This bit of advice applies to absolutely anyone who is being judged for variables outside their control. It was inspired by the kerfuffle surrounding the Gillette commercial. Whatever your take on that video, it’s clear that the debate around it is far more encompassing than the video itself.
In the States at least, there has developed a culture where it is socially acceptable to bash men and white people, and particularly, white men. This is especially frustrating when it comes from those who claim to fight against discrimination. They are paying lip service to the principals of racial equality and yet prescribing precisely the opposite… sometimes to shocking levels.
And so, we’ve put together some tools to help you with the uncomfortable situations that are arising.
These suggestions are not designed to help you “win” an argument. No one is going to stop in the middle of a heated debate and say, “You know what… you’re right!” That’s just not how humans work… 99% of them anyhow.
The goal here is to help you defend yourself, which is important for your psychological wellbeing and the psychological health of those around you. It also helps to set good standards in your community and to promote principals such as individuality, kindness, understanding, and fairness.
And so, here is a process for defending yourself honorably.
Step One: Acknowledgment
To have a clear view of the situation and to maintain any kind of moral standing, you need to look reality in the face. You need to acknowledge the situation as it actually exists and acknowledge the battles and scars of others. This in no way degrades the principals you are trying to uphold; in fact this requires the principals of kindness and fairness.
The social narrative that exists, no matter how distorted, didn’t come out of the blue. The world is often a good place, and quite clearly it is getting better. But the history and even the present still have far too much ugly in them. Jim Crow laws existed for a long time, police brutality still exists in spades, and lots of women are still revolted by the shockingly degrading images of them that have appeared in media.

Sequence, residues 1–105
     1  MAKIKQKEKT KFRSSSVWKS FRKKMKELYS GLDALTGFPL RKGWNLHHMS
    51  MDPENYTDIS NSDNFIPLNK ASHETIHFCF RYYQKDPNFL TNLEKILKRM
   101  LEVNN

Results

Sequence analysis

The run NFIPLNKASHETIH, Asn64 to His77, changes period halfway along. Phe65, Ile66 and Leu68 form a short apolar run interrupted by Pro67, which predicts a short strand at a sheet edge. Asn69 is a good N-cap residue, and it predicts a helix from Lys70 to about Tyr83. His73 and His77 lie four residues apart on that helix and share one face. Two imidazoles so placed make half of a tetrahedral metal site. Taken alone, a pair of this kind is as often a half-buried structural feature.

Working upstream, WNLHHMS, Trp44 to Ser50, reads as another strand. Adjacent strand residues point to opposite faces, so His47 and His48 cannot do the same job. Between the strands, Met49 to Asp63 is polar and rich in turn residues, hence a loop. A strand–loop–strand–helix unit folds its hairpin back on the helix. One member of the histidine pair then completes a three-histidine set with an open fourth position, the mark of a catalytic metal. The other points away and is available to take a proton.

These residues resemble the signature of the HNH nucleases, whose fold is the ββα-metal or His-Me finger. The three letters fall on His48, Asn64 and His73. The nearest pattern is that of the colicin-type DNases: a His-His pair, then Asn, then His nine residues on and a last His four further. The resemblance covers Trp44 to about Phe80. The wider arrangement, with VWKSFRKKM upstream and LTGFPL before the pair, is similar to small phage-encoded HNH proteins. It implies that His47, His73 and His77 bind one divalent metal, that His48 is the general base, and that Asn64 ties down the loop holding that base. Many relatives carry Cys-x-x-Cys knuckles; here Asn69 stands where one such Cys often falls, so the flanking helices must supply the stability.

You can also look up the breakdown of traffic stops based on race or the statistics on domestic violence or the prevalence of sexual assault. However much statistics are used badly, the raw data is worth a look, and the story it tells is not pretty. More than that, lots of us have friends who’ve been harassed for “driving while black,” “driving while Mexican,” and so on.
This stuff doesn’t meet your principals. So, say so, quickly and clearly.
The second part of this is acknowledging the scars of others, and that’s exceptionally hard to do when someone is calling you names.
Sometimes people will insult you because they’re vindictive, trying to gain social clout, or enjoying a power trip. Or maybe they’re just sociopaths. But it’s also possible that this person has lived through a lot of ugliness and bears the scars, and their anger is coming from deep fears. Unless you know the person and situation well, it is best to default to the assumption that this anger is caused by damage. Hurt people hurt people.
When you see something such as #MenAreTrash, you may be in the habit of seeing unprincipled and wildly vindictive people. But don’t miss the possibility that the other person has experienced an unacknowledged and unpunished sexual assault and has yet to heal. There are more people like that than you may suspect.